50. The US Supreme Court issued its ruling on the Hoffman Plastic Compounds Inc. v. National Labor Relations Board case. The Court determined that undocumented or irregular workers do not have the right to claim backpay when it is determined that they were laid off, for participating in activities related to union-organizing, in violation of norms.
Right to a Public Hearing
51. In September 2001, the Immigration and Naturalization Service ordered that the hearings for 600 so called “special cases” be carried out on closed doors. Additionally, the US government refused to release the names of the persons in custody.
52. In August 2002, a US Federal Judge ordered authorities to release the names of the people it had in custody and that the hearings on their cases were public. The decision was confirmed by the Sixth District US Appeals Court, which rejected the arguments that the hearing in migratory procedures are of an administrative nature and thus different to judicial procedures.
Right to Personal Freedom
53. In the United States, approximately 1,200 people were apprehended as part of investigations related to the attacks of September 11, 2001, including 752 persons charged with violations of immigration rules. Until August 2002, 81 of them remained in custody. The rest was either deported or released without charges. None of the people in custody were formally charged with any offense.
54. As part of consular protection activities, Mexican consulates in the United States issued consular registrations –identification cards- to its citizens. Mexico calculated that it would issue approximately 850 thousand consular registration cards during 2002. During the first semester, the Mexican government issued 448 thousand consular registration cards. Mexican Consulates across the United States have carried out campaigns in order to convince financial institutions, transportation companies and local governments to accept these documents. Acceptance of this form of identification would help Mexican migrant workers and their families to open bank accounts, board planes and other transportation vehicles and identify themselves to the police and authorities.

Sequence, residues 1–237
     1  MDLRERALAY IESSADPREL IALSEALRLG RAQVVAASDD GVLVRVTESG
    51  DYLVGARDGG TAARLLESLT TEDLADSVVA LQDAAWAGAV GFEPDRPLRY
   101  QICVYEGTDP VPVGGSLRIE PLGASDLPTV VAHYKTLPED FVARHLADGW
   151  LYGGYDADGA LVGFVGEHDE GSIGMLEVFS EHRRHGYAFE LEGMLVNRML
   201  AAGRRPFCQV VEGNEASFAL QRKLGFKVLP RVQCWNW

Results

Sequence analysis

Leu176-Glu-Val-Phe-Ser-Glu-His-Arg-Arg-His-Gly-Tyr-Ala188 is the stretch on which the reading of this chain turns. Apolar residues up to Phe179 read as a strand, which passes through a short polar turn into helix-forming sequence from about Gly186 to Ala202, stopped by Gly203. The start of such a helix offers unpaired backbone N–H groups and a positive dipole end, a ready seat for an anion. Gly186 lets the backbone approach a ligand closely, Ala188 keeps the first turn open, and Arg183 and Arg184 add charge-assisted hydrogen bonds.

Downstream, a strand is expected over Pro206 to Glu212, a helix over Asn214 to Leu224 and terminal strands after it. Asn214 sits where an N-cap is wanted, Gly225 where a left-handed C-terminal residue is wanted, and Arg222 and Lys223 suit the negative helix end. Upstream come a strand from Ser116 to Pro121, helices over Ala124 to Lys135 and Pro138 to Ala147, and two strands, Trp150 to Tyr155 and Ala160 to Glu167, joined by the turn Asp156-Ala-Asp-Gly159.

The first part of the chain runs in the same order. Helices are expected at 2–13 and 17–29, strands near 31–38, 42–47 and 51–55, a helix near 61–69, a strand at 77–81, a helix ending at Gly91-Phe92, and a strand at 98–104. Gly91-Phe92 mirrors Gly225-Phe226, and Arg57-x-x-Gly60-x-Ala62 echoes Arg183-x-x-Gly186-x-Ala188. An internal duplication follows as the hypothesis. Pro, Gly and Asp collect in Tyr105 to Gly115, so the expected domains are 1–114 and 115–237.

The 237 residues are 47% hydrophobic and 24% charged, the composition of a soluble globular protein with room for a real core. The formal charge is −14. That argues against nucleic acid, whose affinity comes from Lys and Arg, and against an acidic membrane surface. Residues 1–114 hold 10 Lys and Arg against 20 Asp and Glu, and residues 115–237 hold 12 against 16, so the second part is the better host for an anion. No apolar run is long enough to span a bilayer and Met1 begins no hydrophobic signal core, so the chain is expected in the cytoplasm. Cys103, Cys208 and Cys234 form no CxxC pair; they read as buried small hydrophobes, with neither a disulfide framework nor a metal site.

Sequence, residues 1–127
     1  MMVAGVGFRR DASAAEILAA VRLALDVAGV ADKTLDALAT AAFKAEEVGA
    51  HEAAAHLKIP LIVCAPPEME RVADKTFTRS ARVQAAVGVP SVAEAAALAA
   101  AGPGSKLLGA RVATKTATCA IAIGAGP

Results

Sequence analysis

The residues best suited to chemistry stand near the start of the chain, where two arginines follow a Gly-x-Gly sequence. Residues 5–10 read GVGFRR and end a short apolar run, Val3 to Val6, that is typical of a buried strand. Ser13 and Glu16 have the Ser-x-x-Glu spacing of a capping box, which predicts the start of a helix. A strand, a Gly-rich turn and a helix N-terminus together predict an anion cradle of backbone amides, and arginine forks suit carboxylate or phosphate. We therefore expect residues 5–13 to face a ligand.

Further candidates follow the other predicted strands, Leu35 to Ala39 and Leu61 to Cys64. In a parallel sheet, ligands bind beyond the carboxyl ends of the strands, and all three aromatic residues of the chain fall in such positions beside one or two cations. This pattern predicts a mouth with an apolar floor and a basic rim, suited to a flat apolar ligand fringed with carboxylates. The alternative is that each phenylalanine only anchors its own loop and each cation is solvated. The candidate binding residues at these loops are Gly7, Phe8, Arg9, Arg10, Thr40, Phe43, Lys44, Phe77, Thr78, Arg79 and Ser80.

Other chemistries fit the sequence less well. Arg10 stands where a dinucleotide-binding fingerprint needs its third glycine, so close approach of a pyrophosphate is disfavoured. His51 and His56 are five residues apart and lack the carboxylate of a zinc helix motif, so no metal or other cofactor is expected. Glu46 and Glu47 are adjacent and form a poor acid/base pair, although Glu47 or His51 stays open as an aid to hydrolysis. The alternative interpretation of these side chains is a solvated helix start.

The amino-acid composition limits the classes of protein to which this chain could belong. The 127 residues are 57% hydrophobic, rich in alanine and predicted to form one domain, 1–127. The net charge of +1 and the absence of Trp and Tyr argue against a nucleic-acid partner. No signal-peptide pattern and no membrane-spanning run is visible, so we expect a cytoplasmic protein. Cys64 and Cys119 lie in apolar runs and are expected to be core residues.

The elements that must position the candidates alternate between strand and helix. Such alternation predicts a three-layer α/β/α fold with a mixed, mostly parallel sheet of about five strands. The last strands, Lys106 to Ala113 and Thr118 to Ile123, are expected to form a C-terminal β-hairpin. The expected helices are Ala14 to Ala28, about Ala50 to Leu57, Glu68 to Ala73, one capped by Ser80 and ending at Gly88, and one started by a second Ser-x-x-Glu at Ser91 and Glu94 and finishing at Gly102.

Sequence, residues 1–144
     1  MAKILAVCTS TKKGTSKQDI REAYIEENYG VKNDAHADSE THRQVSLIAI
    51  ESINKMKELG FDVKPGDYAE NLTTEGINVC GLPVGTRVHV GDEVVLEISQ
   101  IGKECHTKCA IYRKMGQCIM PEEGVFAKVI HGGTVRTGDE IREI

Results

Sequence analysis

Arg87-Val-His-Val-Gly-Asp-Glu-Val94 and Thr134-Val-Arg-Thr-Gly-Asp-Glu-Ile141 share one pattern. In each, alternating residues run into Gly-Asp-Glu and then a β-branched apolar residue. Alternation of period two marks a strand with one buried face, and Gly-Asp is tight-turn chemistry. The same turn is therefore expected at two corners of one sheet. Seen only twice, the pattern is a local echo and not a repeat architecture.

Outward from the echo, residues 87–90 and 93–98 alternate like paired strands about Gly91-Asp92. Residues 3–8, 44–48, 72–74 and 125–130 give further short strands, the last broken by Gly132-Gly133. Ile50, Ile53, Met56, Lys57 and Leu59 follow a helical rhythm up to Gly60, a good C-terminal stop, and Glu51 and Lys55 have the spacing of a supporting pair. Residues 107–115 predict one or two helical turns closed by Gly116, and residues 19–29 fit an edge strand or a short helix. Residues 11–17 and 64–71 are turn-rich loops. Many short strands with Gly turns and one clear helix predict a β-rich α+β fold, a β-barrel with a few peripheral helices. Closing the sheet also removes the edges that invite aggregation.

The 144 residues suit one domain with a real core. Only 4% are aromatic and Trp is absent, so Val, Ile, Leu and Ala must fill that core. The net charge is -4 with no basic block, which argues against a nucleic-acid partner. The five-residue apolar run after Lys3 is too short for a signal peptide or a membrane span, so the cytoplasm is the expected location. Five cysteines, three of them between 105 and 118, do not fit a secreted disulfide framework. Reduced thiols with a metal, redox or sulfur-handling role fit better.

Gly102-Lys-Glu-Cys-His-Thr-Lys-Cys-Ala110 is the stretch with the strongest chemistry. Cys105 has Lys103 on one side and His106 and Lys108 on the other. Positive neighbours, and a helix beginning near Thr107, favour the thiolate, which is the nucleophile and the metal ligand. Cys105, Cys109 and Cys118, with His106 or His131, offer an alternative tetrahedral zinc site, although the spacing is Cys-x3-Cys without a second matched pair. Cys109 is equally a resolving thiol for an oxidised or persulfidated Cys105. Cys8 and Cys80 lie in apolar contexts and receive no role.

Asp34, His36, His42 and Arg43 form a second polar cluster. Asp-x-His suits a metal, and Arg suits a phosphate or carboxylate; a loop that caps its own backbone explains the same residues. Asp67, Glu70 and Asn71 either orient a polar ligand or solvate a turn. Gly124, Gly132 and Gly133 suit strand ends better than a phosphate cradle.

Protection of Migrants in their Country of Origin
55. In August 2002, the Mexican Government created the National Council of Mexican Communities Abroad. The new council was created to channel the interests from and organize the participation of Mexican migrants in different topics.
Program for the Assisting the Return of Migrants
56. OIM and the governments of Cuba and Haiti signed an accord to assist the voluntary return of irregular Haitian migrants who arrived to Cuba and aspire to return to Haiti. Haitian migrants often end up arriving to Cuba’s shores en route to the United States. In 2002, 188 persons benefited of this initiative. In 2001, in turn, OIM assisted 532 Haitians of a total of 840 that arrived in Cuba after a failed attempt to reach the US’s shores.
Conferences and other Discussion Forums
57. The Hemispheric Conference on International Migration was celebrated in Santiago de Chile on November 20-22, 2002. The conference touched upon issues related to migration and human trafficking. Concurrently, NGOs who work to promote respect for migrants’ human rights and who comprise the Hemispheric Forum on International Migration also celebrated a meeting in Santiago.
58. The seventh Regional Conference on Migration (RCM) met in Antigua, Guatemala, in May 2002. This intergovernmental forum discusses policies and practices concerning migration and is composed of North, Central American and Caribbean countries.
59. The Regional Network of Civil Organizations for Migration (ROCOM) met simultaneously to the (RCM).
60. The Second South American Conference on Migration met in Ecuador in August 2002.
IV. THE LABOR MARKET AND CONDITIONS OF DISCRIMINATION AGAINST MIGRANT WORKERS